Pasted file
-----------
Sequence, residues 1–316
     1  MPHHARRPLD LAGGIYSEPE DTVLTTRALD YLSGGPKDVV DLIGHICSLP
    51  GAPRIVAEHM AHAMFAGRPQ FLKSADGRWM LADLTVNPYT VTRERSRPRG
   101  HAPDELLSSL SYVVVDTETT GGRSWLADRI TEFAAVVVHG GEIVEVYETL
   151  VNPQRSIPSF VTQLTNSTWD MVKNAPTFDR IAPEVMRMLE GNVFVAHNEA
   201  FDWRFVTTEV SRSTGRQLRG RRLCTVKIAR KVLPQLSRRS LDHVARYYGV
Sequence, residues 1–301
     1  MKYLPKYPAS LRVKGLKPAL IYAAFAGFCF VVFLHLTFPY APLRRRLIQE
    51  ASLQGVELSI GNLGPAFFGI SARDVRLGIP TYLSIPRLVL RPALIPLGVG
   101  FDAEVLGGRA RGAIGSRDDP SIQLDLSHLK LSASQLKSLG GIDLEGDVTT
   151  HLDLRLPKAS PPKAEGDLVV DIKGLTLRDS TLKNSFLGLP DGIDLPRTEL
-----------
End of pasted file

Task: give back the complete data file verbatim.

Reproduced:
Sequence, residues 1–316
     1  MPHHARRPLD LAGGIYSEPE DTVLTTRALD YLSGGPKDVV DLIGHICSLP
    51  GAPRIVAEHM AHAMFAGRPQ FLKSADGRWM LADLTVNPYT VTRERSRPRG
   101  HAPDELLSSL SYVVVDTETT GGRSWLADRI TEFAAVVVHG GEIVEVYETL
   151  VNPQRSIPSF VTQLTNSTWD MVKNAPTFDR IAPEVMRMLE GNVFVAHNEA
   201  FDWRFVTTEV SRSTGRQLRG RRLCTVKIAR KVLPQLSRRS LDHVARYYGV
Sequence, residues 1–301
     1  MKYLPKYPAS LRVKGLKPAL IYAAFAGFCF VVFLHLTFPY APLRRRLIQE
    51  ASLQGVELSI GNLGPAFFGI SARDVRLGIP TYLSIPRLVL RPALIPLGVG
   101  FDAEVLGGRA RGAIGSRDDP SIQLDLSHLK LSASQLKSLG GIDLEGDVTT
   151  HLDLRLPKAS PPKAEGDLVV DIKGLTLRDS TLKNSFLGLP DGIDLPRTEL